Ozzy Osbourne and Kelly Osbourne arrives at the 62nd Annual Grammy Awards at Staples Center on January 26, 2020
Sharon and Ozzy sharing a kiss on the red carpet in 2020
Sharon and Ozzy were filled with good news this week as their daughter Kelly Osbourne announced that she’s pregnant with a baby boy.
The star, 37, who revealed that she was expecting back in May, confirmed the gender of her first child with boyfriend Sid Wilson, 45.
She told said that her doting father has already let the news slip to all his friends since he is beyond excited.
Kelly told Entertainment Tonight: ‘[Dad]’s told everyone before I ever got the chance to. But I will say, every single day he does this little song and this little dance about how excited he is.’
She went on to claim her parents have been supporting her ‘every step of the way’ of her pregnancy.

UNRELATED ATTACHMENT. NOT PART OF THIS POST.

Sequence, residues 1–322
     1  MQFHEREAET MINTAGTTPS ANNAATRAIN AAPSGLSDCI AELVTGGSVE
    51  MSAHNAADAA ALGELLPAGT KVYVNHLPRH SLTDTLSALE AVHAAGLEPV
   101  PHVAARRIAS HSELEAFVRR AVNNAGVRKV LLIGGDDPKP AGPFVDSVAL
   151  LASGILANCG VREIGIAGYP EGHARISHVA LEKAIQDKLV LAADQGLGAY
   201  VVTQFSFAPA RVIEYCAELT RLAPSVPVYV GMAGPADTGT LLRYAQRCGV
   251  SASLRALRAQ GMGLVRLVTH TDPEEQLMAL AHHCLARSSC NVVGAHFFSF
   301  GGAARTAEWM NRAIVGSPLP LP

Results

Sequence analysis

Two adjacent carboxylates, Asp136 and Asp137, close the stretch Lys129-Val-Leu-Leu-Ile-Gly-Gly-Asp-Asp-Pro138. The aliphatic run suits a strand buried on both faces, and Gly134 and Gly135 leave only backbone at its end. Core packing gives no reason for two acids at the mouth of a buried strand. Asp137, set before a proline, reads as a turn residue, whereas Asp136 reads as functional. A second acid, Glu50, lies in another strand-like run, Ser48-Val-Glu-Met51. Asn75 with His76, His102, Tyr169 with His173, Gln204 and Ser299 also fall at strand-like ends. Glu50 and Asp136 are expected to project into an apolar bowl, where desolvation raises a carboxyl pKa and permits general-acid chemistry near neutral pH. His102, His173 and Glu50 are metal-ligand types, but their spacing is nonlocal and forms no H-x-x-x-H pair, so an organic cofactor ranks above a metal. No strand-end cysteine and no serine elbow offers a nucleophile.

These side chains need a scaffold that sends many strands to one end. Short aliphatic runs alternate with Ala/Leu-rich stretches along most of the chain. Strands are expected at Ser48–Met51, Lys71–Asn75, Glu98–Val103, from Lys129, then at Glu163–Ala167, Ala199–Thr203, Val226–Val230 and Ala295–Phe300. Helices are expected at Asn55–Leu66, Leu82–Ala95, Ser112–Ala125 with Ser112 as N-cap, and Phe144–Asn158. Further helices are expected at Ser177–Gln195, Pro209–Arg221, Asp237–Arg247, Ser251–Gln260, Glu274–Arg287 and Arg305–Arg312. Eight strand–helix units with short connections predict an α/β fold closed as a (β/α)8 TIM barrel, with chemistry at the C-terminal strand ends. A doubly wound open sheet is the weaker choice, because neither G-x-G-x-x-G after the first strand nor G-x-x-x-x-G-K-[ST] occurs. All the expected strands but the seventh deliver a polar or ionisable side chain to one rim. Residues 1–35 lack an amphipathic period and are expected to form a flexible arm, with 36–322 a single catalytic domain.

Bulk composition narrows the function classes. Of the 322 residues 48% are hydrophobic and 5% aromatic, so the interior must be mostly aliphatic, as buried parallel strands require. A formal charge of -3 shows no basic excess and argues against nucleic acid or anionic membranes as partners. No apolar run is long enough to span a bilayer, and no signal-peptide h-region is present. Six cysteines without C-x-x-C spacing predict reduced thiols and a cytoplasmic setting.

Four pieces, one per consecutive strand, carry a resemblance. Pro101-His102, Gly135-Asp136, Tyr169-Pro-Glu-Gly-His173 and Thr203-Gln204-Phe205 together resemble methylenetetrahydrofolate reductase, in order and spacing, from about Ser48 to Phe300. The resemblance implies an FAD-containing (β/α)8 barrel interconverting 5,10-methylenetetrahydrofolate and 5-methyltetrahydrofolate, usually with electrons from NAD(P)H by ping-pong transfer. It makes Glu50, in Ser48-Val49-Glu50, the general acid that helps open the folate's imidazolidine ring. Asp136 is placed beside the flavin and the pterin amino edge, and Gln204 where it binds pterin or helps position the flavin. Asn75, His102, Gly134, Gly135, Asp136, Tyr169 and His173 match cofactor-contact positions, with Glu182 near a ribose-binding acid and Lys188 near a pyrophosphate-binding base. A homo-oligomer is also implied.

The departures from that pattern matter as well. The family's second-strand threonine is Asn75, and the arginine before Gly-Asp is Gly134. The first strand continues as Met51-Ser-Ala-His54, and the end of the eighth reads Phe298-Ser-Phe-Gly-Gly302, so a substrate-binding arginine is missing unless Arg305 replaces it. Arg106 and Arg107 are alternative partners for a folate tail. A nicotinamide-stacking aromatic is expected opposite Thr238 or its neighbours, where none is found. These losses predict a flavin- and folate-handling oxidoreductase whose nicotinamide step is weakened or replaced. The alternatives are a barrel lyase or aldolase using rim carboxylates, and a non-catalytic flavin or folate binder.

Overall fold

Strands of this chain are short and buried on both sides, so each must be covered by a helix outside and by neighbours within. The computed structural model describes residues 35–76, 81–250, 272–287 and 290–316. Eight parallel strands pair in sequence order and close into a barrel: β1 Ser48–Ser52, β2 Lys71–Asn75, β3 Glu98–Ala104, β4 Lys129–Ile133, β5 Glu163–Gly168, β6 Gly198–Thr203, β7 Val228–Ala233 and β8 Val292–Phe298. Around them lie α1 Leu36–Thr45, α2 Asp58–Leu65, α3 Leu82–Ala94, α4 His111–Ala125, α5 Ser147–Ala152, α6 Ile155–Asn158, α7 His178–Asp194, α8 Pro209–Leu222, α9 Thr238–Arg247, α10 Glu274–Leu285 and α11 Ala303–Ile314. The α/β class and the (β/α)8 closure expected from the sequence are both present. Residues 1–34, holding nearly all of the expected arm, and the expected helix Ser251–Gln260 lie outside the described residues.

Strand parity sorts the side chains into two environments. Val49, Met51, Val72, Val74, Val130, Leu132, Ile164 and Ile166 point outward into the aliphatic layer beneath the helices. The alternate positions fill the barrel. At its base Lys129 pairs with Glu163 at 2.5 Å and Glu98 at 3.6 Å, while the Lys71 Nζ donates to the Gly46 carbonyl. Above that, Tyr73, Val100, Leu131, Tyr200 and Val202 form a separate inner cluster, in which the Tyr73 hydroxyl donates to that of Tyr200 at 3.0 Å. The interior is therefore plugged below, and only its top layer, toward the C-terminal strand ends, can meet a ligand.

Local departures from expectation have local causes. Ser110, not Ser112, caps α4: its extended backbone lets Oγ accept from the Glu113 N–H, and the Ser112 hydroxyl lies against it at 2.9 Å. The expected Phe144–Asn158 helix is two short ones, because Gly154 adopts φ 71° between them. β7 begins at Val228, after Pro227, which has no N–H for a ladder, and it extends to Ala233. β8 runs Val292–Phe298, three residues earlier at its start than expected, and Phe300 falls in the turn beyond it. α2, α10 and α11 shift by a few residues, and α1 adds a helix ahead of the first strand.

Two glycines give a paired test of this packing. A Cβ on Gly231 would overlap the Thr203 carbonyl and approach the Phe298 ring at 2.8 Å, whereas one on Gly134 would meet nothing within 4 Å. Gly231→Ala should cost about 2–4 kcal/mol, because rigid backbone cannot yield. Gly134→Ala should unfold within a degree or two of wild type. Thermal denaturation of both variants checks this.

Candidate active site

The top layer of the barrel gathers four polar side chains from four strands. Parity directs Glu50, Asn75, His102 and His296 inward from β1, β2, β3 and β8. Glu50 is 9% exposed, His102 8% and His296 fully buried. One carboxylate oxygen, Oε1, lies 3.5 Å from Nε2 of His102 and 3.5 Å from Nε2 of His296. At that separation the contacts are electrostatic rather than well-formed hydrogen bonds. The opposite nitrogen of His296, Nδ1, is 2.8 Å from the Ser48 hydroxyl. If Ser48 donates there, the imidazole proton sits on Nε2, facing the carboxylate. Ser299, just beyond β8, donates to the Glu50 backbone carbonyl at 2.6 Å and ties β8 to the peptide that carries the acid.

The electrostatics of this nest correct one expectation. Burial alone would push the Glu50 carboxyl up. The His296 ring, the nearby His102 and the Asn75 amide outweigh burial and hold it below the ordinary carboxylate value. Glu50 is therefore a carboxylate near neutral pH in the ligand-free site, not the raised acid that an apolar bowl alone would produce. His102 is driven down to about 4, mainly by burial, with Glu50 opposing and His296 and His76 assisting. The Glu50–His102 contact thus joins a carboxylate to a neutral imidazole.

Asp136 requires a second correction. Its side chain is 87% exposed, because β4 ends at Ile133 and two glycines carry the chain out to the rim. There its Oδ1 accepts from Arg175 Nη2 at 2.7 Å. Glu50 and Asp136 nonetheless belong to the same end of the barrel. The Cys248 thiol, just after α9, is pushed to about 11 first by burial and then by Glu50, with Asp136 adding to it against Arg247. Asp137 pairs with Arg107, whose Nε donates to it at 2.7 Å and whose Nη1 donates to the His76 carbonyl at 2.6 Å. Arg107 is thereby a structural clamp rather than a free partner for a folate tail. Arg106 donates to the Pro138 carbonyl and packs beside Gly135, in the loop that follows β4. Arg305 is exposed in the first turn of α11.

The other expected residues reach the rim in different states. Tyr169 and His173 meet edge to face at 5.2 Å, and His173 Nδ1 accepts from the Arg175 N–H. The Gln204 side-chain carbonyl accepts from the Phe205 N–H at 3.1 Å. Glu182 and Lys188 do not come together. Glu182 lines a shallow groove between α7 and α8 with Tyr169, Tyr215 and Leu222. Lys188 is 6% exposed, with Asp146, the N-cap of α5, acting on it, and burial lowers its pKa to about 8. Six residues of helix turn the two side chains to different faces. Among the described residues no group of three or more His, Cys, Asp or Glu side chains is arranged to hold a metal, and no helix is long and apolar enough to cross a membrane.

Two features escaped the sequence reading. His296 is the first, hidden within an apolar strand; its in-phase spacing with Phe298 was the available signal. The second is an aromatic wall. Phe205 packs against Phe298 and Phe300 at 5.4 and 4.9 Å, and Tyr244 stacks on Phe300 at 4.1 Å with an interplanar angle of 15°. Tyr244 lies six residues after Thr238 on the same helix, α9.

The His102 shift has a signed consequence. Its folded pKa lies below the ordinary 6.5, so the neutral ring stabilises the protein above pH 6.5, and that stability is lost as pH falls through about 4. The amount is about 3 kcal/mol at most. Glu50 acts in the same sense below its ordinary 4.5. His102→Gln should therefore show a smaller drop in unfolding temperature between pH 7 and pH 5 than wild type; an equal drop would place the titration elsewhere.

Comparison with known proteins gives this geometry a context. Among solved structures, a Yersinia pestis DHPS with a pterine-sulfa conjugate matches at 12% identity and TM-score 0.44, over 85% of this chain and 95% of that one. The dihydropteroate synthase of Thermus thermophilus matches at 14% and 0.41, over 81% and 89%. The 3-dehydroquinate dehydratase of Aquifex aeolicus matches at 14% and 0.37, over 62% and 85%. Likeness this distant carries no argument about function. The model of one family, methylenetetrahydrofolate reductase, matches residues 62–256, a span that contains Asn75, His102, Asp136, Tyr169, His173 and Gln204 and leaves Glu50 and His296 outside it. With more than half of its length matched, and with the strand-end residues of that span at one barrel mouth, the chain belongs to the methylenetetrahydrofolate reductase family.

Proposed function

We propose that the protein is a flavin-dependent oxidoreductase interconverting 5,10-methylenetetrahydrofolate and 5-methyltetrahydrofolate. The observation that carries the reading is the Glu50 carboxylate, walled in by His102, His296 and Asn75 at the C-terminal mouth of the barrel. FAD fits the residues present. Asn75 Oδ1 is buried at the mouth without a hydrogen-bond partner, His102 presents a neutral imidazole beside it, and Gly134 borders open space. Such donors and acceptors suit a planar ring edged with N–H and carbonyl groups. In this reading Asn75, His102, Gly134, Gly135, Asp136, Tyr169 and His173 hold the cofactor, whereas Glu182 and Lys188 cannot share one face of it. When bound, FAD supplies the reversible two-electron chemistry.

This summer, Ozzy made headlines after announcing his plans to move back to the UK after living in the states for over 25 years.
He said that he ‘doesn’t want to die in crazy America’ so will be moving back to where he was born and raised.
Ozzy Osbourne, 73, made a triumphant appearance at Inglewood, California’s SoFi Stadium Thursday as he played a pair of songs during the halftime of the NFL season opener, just months after undergoing a ‘life-altering surgery’ back in June
The rock legend performed his classic track Crazy Train with Zakk Wylde at his first U.S. performance in four years during the halftime of the game between the Los Angeles Rams and Buffalo Bills
Joined by his music manager wife Sharon, 69, he is thought to be relocating to their 120-year-old Grade II listed Buckinghamshire pile Welders House.